But, it’s essential to recognize that the LLM (Large Language Model) won’t generate meaningful insights from thin air; there must be a logical approach to tackling the challenge. First, you need to understand the content within these documents and define your objectives. Annual reports contain a wealth of data, but what specific information are you looking to extract? Is it financial statements, merger and acquisition details, market trends, industry directions, legal aspects, risks, or external factors? The potential for insights is vast from this single asset, so it’s crucial to clearly define what the LLM should be searching for.

Secondly, the next step is to design your graph model. Once you’ve gained an understanding of what you want to extract from the document, you can begin crafting an initial graph model. My initial model was fairly simple…

Outline of a potential Graph data model for an annual report — created using


This is where things get interesting and different from the 2019 approach. In 2019, we let the NLP API do all the work. We passed it a block of text and took the entities and categories as the result. With the LLM approach, I could give a more detailed breakdown of what I was interested in. I began to frame the problem using prompts. These prompts were tailored to the business context and didn’t require explaining the document’s detailed structure. Instead, they outlined what the model should focus on, like business trends, technology trends, and key individuals. This shift meant I could efficiently extract valuable insights without delving into the document’s complexities, making the process more agile and aligned with our specific business goals.

Here are some of the example label definitions:

label:'TechnologyTrend' name:string,name:string //any known technology term within the text,summary:string //Summary of the trend as defined by openAI;'name' property is the name of the technology trend, in lowercase & camel-case & should always start with an alphabet; summary is a description as defined within openai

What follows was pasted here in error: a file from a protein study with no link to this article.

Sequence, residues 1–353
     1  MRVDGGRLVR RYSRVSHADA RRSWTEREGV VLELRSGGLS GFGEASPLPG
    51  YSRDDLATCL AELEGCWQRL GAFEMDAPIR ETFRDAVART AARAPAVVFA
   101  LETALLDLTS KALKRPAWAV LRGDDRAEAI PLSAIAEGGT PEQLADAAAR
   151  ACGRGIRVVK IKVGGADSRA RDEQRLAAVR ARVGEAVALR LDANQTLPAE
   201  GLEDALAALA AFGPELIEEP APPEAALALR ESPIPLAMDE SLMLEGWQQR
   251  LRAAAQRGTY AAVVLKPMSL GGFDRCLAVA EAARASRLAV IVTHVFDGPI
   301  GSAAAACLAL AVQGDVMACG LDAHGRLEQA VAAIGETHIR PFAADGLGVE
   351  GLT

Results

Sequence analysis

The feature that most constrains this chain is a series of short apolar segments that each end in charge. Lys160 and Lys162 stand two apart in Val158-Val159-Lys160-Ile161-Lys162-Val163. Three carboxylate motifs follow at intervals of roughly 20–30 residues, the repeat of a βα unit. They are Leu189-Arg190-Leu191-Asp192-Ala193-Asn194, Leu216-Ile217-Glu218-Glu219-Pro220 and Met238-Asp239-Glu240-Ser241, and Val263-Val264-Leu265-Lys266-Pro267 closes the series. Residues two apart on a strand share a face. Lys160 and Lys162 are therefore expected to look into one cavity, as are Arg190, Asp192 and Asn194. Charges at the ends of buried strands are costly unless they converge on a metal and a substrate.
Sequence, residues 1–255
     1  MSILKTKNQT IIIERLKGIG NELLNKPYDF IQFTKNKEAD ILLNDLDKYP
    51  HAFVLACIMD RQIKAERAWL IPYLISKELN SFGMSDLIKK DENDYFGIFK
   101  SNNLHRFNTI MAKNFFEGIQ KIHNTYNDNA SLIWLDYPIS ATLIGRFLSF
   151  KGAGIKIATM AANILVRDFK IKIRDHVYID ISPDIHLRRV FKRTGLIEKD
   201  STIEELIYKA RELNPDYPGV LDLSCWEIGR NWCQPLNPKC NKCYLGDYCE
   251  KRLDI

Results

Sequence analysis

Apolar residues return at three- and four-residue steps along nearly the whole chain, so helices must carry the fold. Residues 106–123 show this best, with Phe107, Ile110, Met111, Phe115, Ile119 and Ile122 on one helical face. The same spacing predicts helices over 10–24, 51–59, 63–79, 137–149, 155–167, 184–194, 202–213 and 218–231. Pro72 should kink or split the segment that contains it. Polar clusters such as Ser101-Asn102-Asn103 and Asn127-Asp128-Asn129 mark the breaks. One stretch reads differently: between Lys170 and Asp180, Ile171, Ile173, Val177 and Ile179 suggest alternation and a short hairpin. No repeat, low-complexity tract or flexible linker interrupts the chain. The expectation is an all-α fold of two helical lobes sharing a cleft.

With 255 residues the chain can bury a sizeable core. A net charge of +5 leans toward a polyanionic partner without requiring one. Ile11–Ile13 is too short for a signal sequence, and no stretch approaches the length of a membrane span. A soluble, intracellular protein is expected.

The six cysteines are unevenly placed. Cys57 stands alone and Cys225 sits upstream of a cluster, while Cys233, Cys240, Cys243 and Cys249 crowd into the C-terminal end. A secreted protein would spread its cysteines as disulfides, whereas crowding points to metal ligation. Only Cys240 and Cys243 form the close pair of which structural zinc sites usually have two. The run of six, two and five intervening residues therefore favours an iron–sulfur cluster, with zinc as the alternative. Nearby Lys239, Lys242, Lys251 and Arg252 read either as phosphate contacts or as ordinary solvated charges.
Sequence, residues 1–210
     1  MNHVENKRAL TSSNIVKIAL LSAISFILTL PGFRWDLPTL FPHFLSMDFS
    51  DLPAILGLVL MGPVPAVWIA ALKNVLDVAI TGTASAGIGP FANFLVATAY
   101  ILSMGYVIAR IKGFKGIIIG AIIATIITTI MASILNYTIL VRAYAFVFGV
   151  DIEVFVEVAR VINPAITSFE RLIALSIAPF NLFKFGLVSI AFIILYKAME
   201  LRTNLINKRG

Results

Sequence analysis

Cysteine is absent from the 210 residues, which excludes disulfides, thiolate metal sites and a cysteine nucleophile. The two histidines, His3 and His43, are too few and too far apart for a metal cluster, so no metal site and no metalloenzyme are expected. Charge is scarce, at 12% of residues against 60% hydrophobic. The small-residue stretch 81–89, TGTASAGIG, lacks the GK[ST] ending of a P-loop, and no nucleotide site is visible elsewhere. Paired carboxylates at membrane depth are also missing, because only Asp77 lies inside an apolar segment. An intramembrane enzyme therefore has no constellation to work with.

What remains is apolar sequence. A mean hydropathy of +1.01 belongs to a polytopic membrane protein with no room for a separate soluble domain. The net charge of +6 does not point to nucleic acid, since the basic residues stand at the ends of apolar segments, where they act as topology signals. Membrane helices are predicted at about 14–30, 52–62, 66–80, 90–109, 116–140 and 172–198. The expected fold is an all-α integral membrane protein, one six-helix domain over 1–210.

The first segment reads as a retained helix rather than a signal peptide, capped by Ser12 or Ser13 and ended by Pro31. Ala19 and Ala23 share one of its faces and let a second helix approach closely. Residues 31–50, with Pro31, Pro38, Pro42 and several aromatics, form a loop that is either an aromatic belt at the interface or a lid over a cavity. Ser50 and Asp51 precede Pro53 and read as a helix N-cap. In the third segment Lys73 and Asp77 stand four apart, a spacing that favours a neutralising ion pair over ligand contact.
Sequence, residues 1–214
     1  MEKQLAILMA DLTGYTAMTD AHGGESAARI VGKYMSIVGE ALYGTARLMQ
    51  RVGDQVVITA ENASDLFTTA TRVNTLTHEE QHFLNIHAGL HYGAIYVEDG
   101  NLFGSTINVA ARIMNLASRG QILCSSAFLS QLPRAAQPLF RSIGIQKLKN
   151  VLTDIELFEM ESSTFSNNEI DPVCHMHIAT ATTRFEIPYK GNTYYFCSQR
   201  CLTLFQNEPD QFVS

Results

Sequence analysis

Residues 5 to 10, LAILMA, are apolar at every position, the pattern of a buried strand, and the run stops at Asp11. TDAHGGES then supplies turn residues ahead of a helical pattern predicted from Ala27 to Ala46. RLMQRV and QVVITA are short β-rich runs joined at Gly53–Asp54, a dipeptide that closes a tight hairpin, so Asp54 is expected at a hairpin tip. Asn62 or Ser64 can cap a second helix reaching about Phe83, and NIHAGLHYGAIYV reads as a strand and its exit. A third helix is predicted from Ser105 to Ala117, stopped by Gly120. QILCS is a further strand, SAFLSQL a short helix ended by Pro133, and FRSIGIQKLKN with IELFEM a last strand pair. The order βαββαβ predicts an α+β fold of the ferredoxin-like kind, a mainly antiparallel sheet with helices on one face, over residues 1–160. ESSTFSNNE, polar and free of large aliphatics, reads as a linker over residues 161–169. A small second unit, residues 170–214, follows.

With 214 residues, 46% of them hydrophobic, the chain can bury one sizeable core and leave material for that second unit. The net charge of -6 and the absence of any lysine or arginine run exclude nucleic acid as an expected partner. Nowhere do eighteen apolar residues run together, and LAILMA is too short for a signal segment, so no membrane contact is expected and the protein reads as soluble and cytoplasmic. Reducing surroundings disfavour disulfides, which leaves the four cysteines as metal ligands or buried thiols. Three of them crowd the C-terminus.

label:'Risk' name:string,summary:string //any known factor which might present a risk to the organisation, summary:string //Summary of the trend as defined by openAI;'name' property is the name of the risk, in lowercase & camel-case & should always start with an alphabet; summary is a description as defined within openai

Each label or node to be created within the graph is described with its name and required property values, plus details on what the LLM should consider to identify these values. I also added a summary property to store the general description defined within the OpenAI LLM.

The relationships are described in a similar way. Here, I also included a counter value to record the number of times a certain entity is mentioned within the text.

paper|MENTIONS_BUSINESSTREND{countof:sting}|businesstrend //the properties inside MENTIONS_BUSINESSTREND gets populated from the text and is a count of the number of times the trend is mentioned

The Results

For my initial results, I decided to include only the entities that corresponded to the scope of the 2019 project, known business and technology trends. In terms of the data that was generated, the results were very similar to what had been achieved in 2019. However, there was one notable advantage — I could rapidly iterate on the data model by making simple revisions to the prompts.